Actress Oliva Wilde’s second directorial effort, Don’t Worry Darling, explores a different genre from Warner Bros. Pictures. Alice (Florence Pugh) and Jack (Harry Styles) are lucky to live in the idealized community of Victory, the experimental company town housing the men working for the top-secret Victory Project and their families.
Bullet Train is a high-octane mix of violence and comedy
In Sony Pictures’ Bullet Train, Brad Pitt leads an eccentric cast of characters for director David Leitch. Zak Olkewicz pens the screenplay for the film, an adaptation of Kōtarō Isaka’s same-titled novel, which introduces us to Ladybug, a trained assassin who wants to give up the killing life. Ladybug unexpectedly finds himself back in action by his handler Maria Beetle (Sandra Bullock), to collect a briefcase on a bullet train heading from Tokyo to Kyoto. Onboard the train, he and other competing assassins discover their objectives are all connected.
Pitt stars as Ladybug, the unlucky assassin determined to do his job peacefully after one too many gigs gone off the rails. Fate, however, may have other plans, as Ladybug’s latest mission puts him on a collision course with lethal adversaries from around the globe, all with connected yet conflicting objectives on the world’s fastest train.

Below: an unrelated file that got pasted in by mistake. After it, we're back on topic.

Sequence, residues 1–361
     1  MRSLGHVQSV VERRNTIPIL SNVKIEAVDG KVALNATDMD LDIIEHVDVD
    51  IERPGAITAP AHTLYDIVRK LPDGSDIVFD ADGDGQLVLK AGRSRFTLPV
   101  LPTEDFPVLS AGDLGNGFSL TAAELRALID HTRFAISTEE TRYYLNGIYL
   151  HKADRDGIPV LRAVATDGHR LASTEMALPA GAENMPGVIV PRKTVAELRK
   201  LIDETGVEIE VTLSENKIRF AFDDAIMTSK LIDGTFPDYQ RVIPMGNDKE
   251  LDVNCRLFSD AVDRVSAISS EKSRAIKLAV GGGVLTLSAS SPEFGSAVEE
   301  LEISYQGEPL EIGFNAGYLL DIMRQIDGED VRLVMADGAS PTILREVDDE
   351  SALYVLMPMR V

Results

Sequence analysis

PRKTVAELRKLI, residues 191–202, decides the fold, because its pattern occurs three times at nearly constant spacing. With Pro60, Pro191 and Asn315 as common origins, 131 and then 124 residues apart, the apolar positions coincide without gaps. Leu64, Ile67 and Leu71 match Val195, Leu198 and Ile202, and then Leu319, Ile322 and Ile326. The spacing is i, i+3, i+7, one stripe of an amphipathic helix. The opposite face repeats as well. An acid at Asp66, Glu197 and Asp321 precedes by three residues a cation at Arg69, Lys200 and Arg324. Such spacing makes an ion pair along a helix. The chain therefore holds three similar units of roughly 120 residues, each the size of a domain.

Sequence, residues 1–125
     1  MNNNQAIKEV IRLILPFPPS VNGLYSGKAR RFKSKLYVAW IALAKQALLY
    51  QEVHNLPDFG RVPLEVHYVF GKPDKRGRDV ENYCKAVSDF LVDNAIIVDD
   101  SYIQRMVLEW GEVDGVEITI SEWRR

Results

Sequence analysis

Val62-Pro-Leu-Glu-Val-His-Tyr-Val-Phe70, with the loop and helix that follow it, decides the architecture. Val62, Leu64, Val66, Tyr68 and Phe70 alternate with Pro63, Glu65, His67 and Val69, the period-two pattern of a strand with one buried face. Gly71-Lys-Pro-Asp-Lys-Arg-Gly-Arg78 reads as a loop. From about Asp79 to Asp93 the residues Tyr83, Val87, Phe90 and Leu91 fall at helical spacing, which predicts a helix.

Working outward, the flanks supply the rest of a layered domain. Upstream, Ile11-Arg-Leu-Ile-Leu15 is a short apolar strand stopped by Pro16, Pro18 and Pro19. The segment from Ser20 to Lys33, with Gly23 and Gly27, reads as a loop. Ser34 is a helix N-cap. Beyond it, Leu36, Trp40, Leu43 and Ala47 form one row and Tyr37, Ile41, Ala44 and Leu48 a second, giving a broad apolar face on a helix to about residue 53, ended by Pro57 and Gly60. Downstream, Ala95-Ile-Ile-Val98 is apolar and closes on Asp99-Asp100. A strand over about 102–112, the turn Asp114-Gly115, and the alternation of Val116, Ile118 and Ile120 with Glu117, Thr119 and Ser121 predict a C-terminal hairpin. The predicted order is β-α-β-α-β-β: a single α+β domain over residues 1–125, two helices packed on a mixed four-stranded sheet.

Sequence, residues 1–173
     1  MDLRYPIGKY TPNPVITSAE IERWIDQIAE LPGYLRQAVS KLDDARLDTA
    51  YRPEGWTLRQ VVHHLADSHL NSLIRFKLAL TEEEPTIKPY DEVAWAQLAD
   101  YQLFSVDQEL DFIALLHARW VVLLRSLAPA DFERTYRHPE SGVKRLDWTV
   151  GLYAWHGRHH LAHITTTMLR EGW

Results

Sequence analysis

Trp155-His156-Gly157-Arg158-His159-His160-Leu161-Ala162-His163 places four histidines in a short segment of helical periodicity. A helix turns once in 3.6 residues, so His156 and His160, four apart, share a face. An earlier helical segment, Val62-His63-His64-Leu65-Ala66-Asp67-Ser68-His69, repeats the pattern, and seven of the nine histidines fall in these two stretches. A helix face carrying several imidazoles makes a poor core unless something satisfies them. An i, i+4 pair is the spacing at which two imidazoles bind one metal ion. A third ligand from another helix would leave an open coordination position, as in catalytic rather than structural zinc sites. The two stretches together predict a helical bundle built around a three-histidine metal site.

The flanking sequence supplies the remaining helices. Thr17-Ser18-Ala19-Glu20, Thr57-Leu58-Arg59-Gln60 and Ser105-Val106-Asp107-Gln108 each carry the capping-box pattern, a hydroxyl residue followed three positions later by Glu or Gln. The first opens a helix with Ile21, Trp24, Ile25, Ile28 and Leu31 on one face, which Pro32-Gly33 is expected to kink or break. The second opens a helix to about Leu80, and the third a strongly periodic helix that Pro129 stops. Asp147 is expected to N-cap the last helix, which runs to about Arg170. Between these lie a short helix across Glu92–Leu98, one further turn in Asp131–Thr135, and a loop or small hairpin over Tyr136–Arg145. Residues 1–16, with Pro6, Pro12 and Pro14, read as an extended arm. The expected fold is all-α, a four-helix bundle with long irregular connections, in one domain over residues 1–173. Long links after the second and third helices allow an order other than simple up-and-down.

Going into Bullet Train, I had a general idea of the film’s plot but avoided trailers and behind-the-scenes footage as much as possible. The man behind Bullet Train is Stuntman turned director David Leitch. He was behind the lens of two enjoyable flicks from the last few years Hobbs & Shaw and Deadpool 2. And while I wasn’t a huge fan of 2017’s Atomic Blonde, one of that film’s action sequences was the best of the year.
We get an early introduction to Brad Pitt’s lead character and his current nickname, Ladybug, with the plot kicking off into full gear. Kudos to writer Zak Olkewicz who knows the premise is silly but establishes the other killers on the train tactfully. The other hired guns on the train include twin brothers Tangerine (Aaron Taylor-Johnson) and Lemon (Brian Tyree Henry), cunning Prince (Joey King), and mysterious Wolf (Bad Bunny). Each actor fully commits to their roles and is having a blast. There are also some great cameos in the film, which I won’t spoil, but took me off guard.
Throughout Bullet Train’s run time, I either laughed at the silliness or applauded the glorious action sequences. While everything comes together in the end, I want to let potential viewers know that the storyline is remarkably coherent. In any case, Leitch knows precisely what it takes to make an action film that aims to do nothing more than entertain its audience.
Final Grade: A-
Bullet Train opens in theaters tomorrow.
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